Ruth Reichl: A Biographical Tour
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Posted 28 November 2005 - 04:34 PM
Facts first. Ruth Reichl is a native New Yorker and was educated there, in Montreal and at the University of Michigan in Ann Arbor, where she earned a masters degree in art history. She wrote restaurant criticism for New West magazine, the Los Angeles Times (where she was the editor of the food section), and the New York Times. She is now editor in chief of Gourmet magazine. Reichl lives in New York with her husband, Michael Singer, a television news producer, and their son, Nick. She has won two James Beard Awards for criticism, and one for journalism. She sports a fabulous head of hair and looks good wearing red lipstick.
But writing a biography of Ruth Reichl feels as redundant as chronicling the day-to-day events of the great seventeenth-century diarist, Samuel Pepys; if the subject has been so generous, why not direct the reader to the source? Pepys wrote about not only his career moves, marriages and love affairs but also the Plague, the Great Fire of London, and the life of an ambitious civil servant. Like Ruth, he includes recipes.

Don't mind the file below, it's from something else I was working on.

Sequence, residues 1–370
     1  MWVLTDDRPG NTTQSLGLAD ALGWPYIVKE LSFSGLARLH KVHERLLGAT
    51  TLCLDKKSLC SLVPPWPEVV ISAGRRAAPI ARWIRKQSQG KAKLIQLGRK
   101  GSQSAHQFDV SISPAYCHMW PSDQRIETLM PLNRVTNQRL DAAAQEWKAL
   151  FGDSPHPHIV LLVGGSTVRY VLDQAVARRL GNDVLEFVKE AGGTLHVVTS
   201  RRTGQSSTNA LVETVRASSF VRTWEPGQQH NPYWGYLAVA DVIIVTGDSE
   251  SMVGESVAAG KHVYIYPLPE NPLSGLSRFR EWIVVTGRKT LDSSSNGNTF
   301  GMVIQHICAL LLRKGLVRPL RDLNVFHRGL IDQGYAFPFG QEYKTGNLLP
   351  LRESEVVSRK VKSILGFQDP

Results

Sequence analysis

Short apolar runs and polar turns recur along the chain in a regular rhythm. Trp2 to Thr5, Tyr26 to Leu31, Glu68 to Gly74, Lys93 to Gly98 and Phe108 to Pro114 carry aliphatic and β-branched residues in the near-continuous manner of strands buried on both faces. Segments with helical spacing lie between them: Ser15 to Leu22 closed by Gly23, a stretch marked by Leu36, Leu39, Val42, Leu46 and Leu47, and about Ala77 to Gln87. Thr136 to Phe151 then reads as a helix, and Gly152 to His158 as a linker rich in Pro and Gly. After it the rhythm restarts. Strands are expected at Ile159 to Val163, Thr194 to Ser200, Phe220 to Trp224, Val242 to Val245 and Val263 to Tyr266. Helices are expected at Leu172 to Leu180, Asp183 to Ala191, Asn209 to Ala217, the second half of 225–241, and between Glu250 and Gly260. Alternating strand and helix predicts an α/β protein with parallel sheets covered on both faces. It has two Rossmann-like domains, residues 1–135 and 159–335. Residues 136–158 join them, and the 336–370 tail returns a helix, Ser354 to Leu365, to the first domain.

Reichl’s three volumes of memoirs Tender at the Bone, Comfort Me With Apples and this year, Garlic and Sapphires are intimate and inclusive. It’s good food writing, of course, but like Pepys, she provides a view of the world. Her world is American cuisine, culture, and food politics since 1950. There’s a glimpse at that critical mass of idealistic kids who thought that they could change the world. Ruth is the paradigm of the generation now derided as Baby Boomers - it wasn’t about the Brady Bunch and bad hair, it was about peace, love, political change, and Power to the People.
Reichl moved from left-leaning Ann Arbor to the People’s Republic of Berkeley, fed the fellow-travelers in a commune and between 1974 and 1977 cooked at and co-owned The Swallow restaurant. She knew Alice Waters back in the day, wrote restaurant reviews for New West magazine and then moved to Los Angeles in 1984 to become restaurant critic, and later editor of the Los Angeles Times food section. Never a food snob, despite every professional qualification to become one, she wrote a flattering review of a taco restaurant called Senor Fish. It’s laminated to the menu to this day.
In 1993 she moved to the New York Times, channeled that Ann Arbor state of mind and gave a noodle restaurant three stars. Sixties egalitarianism shaped her reviews. If, dining as one of her disguised alter-egos, she received noticeably different treatment from that she received as La Reichl, she called out the perpetrators in print. Power to the People.
Her job as editor in chief of Gourmet and the publication of The Gourmet Cookbook makes her the most influential mass-market media dispenser of recipes in the country. This is fitting. In each of her memoirs she gives us recipes, often as simple as Nick’s fave Matzo Brei , or the huge chocolate birthday cake that was an open love letter to Michael Singer. It’s comforting, and tender: Ruth Reichl is first, last, and always a cook.